Most artists tend to draw in curves, not in straight lines
Published 7:00 am Sunday, February 17, 2013
Column: Art is, by Bev Jackson Cotter
“I’m not an artist. I can’t even draw a straight line.”
How many times have you heard this? How many times have you said it?
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A couple of years ago, I noticed a post on the west edge of a tiny island in Bancroft Bay. It stood tall and straight like it had a purpose. I had never noticed it before, and I wondered why.
That island is a small piece of land covered with undergrowth and as far as I know has never housed any cattle (fence post?) or home (electrical post?). There was no reason for a post to be in that spot. Did one of the nearby neighbors put it there?
Then, thanks to my binoculars, I realized that the post was a solid mass of tree roots. The tree had fallen leaving its root base exposed flat and vertical. Those roots had no reason to reach far into the earth for water so they had spread out in a horizontal mass that gave the tree no stability in a strong wind. What unusual lessons nature gives to us.
One day, when the lake ice was frozen solid, I made my way across the bay to examine the tree and its root structure and to take some pictures of it before it decays and becomes a part of the island soil. It’s an amazing example of the circle of life, and it makes me wonder about our own emotional and family roots. How far down do they go? What stability do they give us? But I wander from my theme…
Esther Dendel’s book, “Designing from Nature” provides a delightful description of the designs nature gives us. She says, “Straight lines belong to railroad tracks, skyscrapers, superhighways across the prairies, windowpanes, rulers and a thousand other objects in a technical society. Most hospitals and schools are laid out on a grid. The child is born, goes to school, grows up and works in a factory laid out on a grid. When he finally dies, he is taken over by city streets laid out in squares and buried in a cemetery, again laid out on a grid.
“Man has dominated his world with straight-line efficiencies, including straightened riverbeds. Art provides a way to get off the grid for those who have tired of it. Unless one is designing for machine production, one can indulge what seems a natural preference for the curvilinear. It is difficult to imagine oneself weeping tears shaped like cubes.”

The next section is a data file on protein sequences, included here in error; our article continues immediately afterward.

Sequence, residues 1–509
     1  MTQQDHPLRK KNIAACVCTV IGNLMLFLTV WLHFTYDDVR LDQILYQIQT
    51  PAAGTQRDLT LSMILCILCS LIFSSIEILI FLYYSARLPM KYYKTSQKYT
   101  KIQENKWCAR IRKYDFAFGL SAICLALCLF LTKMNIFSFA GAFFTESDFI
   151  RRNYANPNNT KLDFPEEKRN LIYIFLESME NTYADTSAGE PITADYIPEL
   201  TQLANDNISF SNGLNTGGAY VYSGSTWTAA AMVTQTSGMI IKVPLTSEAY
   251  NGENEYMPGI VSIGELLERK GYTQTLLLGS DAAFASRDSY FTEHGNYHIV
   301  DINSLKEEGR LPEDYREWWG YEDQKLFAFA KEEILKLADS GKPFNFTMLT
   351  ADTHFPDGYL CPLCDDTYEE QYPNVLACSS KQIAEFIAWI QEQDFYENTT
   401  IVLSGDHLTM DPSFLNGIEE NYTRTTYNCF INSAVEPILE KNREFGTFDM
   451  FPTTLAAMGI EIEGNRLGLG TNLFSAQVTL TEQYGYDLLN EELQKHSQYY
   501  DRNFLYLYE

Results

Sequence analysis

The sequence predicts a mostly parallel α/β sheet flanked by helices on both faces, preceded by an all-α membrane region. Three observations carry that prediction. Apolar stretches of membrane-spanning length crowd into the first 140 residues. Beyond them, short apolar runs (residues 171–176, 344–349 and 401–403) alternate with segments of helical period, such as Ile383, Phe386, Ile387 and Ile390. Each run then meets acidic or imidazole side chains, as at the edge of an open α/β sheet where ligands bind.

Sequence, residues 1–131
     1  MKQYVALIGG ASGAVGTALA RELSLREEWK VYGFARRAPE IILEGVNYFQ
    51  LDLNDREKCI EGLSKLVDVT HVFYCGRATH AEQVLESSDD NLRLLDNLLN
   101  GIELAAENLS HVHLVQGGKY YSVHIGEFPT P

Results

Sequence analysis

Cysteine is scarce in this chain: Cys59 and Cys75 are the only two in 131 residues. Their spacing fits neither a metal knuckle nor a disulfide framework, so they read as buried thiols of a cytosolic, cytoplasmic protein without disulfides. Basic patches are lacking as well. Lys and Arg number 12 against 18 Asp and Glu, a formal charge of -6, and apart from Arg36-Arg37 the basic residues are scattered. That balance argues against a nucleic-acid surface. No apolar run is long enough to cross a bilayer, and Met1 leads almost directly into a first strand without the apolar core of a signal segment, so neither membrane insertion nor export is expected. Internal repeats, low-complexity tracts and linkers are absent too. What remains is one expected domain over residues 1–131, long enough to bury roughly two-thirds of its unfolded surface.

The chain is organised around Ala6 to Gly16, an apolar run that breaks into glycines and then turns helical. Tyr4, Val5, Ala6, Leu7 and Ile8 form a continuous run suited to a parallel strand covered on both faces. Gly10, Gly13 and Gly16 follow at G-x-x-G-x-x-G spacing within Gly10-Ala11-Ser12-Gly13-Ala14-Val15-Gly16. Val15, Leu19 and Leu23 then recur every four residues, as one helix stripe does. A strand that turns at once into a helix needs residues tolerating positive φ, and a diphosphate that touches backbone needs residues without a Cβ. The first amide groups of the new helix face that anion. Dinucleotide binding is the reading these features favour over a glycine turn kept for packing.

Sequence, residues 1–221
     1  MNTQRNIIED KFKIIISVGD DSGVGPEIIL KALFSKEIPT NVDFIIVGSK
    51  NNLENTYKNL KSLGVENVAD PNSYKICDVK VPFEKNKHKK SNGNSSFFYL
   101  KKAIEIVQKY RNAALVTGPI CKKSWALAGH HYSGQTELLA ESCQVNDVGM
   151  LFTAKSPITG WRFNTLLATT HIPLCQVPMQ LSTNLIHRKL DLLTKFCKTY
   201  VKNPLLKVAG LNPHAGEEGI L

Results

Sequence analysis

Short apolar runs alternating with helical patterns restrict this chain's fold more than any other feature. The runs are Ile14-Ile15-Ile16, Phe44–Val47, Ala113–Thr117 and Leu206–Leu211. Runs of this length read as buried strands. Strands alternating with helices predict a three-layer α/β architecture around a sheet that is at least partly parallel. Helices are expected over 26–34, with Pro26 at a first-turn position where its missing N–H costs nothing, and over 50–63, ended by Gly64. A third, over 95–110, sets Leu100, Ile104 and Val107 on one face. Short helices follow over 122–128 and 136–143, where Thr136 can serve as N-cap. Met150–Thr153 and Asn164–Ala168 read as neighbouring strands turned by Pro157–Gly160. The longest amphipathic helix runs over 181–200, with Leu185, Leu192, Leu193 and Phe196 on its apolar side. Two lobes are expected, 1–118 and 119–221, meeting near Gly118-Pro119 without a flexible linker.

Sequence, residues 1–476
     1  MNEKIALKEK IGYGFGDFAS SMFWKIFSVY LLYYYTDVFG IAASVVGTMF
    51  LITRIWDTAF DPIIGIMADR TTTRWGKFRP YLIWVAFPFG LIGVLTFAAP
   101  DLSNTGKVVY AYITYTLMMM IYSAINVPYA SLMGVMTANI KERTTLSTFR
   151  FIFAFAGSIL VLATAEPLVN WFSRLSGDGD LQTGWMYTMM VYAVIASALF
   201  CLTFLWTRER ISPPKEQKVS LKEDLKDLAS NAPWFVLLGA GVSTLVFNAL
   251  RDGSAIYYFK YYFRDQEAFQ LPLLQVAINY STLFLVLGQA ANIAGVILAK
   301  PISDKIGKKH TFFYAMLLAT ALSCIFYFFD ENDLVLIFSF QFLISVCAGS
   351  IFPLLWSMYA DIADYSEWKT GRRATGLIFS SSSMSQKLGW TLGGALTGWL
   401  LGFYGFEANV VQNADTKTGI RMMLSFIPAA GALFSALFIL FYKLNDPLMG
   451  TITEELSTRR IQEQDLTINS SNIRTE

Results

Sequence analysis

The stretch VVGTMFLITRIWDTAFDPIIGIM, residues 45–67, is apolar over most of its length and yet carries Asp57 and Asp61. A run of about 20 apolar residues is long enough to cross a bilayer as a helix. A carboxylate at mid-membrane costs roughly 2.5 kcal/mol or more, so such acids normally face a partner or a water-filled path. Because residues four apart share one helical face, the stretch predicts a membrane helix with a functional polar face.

She goes on to describe natural curved designs from the bark of a birch tree, grease pooling in a frying pan, the design in a flower petal and hundreds of other curvilinear natural shapes.
I love old architecture. I am fascinated by Gothic windows in churches. Victorian trim on houses, the rounded, chipped shape of landscaping blocks and ornate cornices on business buildings in historic districts. I find it interesting that today people are softening their ranch homes with ornate, rounded front porch railings.
Does an artist need to know how to draw a straight line? Yes, occasionally, and a ruler can satisfy that need. But mostly an artist draws curves. Dendel mentions the banana where parallel lines converge at the tips, crescent shapes like fat little new moons. She goes on to describe the fruits and vegetables she finds on a shopping trip.
“I go to the market looking for lines. From force of habit I take a grocery cart. Man-made, it is an assembly of metal grids. As I wheel it before me down the aisle, I suddenly see how incongruous it is among the fresh fruits and vegetables. I recall other markets, markets in remote African villages, markets in Span and in Yugoslavia, where all the shoppers carry beautiful, bulging baskets, curved to conform with the fruits of the earth… I wheel the cart back to its nested fellows.”
If I were to draw the downed tree with its tangled mass of vertical roots, I could not use a ruler. There is not one straight line in that entire circle of tangled roots.
May I suggest to you, try drawing curvy lines and see what happens. You might be surprised.
Bev Jackson Cotter is a member of the Albert Lea Art Center where the Annual All Member Show is on exhibit. Art center members are also currently showing their work at the Austin Art Center in Oak Park Mall. The elementary and secondary student art will be on display in March. Watch for more information on this exhibit.